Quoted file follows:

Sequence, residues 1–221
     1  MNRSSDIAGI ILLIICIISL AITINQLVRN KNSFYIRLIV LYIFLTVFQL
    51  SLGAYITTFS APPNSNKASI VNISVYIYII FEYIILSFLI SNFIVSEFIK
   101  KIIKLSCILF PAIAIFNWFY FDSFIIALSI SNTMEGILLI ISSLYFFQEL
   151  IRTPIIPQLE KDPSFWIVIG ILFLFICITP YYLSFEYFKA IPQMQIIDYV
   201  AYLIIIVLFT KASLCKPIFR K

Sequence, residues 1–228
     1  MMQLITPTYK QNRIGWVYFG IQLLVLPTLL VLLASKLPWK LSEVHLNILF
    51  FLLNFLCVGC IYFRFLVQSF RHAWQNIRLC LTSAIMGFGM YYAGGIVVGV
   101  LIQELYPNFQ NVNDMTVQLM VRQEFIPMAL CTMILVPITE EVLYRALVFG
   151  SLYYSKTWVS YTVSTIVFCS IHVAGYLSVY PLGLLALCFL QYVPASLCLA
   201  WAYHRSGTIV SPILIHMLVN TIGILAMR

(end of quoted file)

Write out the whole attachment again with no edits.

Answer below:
Sequence, residues 1–221
     1  MNRSSDIAGI ILLIICIISL AITINQLVRN KNSFYIRLIV LYIFLTVFQL
    51  SLGAYITTFS APPNSNKASI VNISVYIYII FEYIILSFLI SNFIVSEFIK
   101  KIIKLSCILF PAIAIFNWFY FDSFIIALSI SNTMEGILLI ISSLYFFQEL
   151  IRTPIIPQLE KDPSFWIVIG ILFLFICITP YYLSFEYFKA IPQMQIIDYV
   201  AYLIIIVLFT KASLCKPIFR K

Sequence, residues 1–228
     1  MMQLITPTYK QNRIGWVYFG IQLLVLPTLL VLLASKLPWK LSEVHLNILF
    51  FLLNFLCVGC IYFRFLVQSF RHAWQNIRLC LTSAIMGFGM YYAGGIVVGV
   101  LIQELYPNFQ NVNDMTVQLM VRQEFIPMAL CTMILVPITE EVLYRALVFG
   151  SLYYSKTWVS YTVSTIVFCS IHVAGYLSVY PLGLLALCFL QYVPASLCLA
   201  WAYHRSGTIV SPILIHMLVN TIGILAMR